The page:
On March 20, Diving Bell Social Club hosted LA-based comedian Cara Connors and opener Inés Anaya for one of the last stops on Connors’ North American Straight for Pay tour. The hour-long set hilariously captured elements of modern queer experiences—from exploring one’s identity to navigating dating apps to incessant requests for threesomes with straight couples.
Connors grew up in Los Angeles and moved to Toronto for graduate school at the University of Toronto, where she discovered the city’s robust comedy scene. When they initially got into comedy, Connors identified as straight and was married to a man. Connors told me how her time living in Toronto played a role in the development of her comedic voice, which developed in tandem with her sexuality and gender identity.
“I think it’s fair to say that Canada made me gay,” Connors said. “I think that is an objective, accurate statement.”
While Connors has plenty of experience in different areas of comedy––boasting numerous writing credits and performances on projects like E!’s Dating: No Filter and several CBC comedy series––stand-up remains their true love. Straight for Pay initially premiered at the New York Comedy Festival before the pandemic. When restrictions were first relaxed, Connors organized a monthly show in LA alongside other queer comedians and a few token allies. When the time was right, they decided they were ready to take it across the continent.
“As an extreme girl boss and Taurus, I knew that I needed to go my own way,” Connors said. “So then I was like, okay, I feel ready. I have this hour, I feel like it’s sharp. I feel like people will come and see it. I’ll just put the work into making sure that people come and see it. And now I’m really proud of it.”
As a queer comedian, Connors is very intentional about the venues and audiences she pursues. When planning the tour’s stops, she tried to choose progressive cities with large queer populations, where she knew a queer comedy scene already existed in some capacity. Unlike the average smaller-scale stand up night, the majority of tickets are snapped up before the official sale.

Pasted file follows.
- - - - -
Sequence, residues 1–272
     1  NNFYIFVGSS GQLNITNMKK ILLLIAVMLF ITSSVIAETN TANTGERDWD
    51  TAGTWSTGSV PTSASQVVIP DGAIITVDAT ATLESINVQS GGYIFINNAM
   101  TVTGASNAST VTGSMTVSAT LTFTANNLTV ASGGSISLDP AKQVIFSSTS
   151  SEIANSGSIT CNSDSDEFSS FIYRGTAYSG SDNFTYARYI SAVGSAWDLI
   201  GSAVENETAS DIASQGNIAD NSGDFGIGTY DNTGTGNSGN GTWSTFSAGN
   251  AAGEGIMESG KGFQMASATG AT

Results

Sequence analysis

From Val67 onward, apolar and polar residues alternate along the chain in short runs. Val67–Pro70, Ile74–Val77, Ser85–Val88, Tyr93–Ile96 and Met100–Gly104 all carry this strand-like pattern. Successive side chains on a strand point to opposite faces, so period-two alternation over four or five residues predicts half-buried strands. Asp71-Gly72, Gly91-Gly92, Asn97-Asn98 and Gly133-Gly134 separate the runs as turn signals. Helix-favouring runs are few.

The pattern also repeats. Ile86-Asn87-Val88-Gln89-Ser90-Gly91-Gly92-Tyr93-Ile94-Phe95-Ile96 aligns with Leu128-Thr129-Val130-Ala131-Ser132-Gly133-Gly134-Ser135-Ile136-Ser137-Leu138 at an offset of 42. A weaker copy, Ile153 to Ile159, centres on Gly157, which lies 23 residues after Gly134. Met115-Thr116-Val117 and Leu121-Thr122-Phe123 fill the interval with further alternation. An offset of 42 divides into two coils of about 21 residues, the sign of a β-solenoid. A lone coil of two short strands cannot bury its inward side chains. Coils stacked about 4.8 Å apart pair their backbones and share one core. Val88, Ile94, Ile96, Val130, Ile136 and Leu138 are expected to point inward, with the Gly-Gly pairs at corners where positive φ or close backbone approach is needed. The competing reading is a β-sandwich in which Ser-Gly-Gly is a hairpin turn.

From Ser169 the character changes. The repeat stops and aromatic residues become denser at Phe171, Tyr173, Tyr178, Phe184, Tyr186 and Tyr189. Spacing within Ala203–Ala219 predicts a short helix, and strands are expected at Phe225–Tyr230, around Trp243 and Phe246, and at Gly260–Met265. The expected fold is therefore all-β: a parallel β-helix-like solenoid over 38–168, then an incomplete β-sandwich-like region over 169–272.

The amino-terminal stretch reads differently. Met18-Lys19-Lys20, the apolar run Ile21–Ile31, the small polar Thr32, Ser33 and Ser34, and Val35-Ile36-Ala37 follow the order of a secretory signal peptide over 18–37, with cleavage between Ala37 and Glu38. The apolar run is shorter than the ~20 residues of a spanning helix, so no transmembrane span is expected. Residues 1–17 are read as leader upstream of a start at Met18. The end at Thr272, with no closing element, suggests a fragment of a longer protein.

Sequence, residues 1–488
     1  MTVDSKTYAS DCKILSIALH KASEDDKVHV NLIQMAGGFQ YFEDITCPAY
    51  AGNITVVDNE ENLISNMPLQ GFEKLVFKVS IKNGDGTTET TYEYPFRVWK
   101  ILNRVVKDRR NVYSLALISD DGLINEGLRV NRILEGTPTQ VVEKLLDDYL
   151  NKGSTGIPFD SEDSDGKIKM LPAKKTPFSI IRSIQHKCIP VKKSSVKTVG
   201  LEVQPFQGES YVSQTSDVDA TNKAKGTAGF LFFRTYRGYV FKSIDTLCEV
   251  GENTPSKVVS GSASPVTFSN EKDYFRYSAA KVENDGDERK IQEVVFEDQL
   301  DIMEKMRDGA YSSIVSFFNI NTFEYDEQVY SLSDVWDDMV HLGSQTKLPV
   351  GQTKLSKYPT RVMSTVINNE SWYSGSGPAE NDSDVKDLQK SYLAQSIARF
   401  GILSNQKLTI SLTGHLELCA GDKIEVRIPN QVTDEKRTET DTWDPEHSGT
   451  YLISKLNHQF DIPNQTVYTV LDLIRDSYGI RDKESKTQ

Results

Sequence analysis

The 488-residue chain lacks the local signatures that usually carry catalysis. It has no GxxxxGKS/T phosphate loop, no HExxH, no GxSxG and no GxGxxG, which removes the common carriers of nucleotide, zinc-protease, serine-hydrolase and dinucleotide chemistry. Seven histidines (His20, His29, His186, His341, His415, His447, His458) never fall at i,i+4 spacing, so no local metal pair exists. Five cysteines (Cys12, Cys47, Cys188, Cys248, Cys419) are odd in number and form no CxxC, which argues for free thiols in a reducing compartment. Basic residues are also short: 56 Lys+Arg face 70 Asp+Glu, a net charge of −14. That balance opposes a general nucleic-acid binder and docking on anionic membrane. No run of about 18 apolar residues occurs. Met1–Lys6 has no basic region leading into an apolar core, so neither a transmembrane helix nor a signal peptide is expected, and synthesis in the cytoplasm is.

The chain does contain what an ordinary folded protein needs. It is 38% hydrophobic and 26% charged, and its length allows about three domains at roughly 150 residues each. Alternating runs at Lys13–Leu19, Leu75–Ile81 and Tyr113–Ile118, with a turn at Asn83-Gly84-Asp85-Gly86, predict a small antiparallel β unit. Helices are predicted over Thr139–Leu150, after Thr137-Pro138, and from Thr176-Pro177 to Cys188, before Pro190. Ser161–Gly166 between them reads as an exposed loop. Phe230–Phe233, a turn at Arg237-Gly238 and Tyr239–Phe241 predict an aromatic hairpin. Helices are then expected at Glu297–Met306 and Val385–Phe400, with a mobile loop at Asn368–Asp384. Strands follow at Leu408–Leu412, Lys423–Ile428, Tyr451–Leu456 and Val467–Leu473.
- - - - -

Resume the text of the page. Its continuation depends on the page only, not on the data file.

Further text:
“It’s like they’re coming to see this show to see me––they’re not just like ‘Oh, I love going to the Guffaw Barn and seeing what ancient dinosaur they can pull out who has some horrific take on the Me Too movement in the same 10 minutes he’s had for the last 10 years,” Connors said. “People are like, let me come and see this weird gay cowboy.”
As a result, Connors’ crowds tend to represent the diversity of queer spaces, reflecting her content’s relatability. Connors enjoys seeing the different groups of people who come to her shows, from hip Gen Z-ers to 75-year-old lesbian therapists, to name a few.
“They’re like, I got my ex-girlfriend’s’ ex-girlfriend to watch my child that I had with a different ex-girlfriend. And we’re in a polyamorous family couples’ share, they’re gonna watch our gender fluid baby so that we can come and see this show. The fucking energy is so sick,” Connors said. “That’s what I want the world to be––I’m like great, can we make this the majority? It’s really a plot for the gay agenda.”
As for what fans can look forward to in the future, Connors hopes to take Straight for Pay overseas, and eventually develop a new set for other demographics who need some gay comedy in their lives.
“Maybe I’ll just do a tour on retiree cruises too––I don’t know, maybe I’ll take it on every Disney Cruise and I’ll start there,” Connors said. “I’ll only perform on cruises that exit out of Florida or Texas. Because there’s a lot of things happening there. Obviously, it’s a dystopian nightmare. So yeah, I think I have no choice.”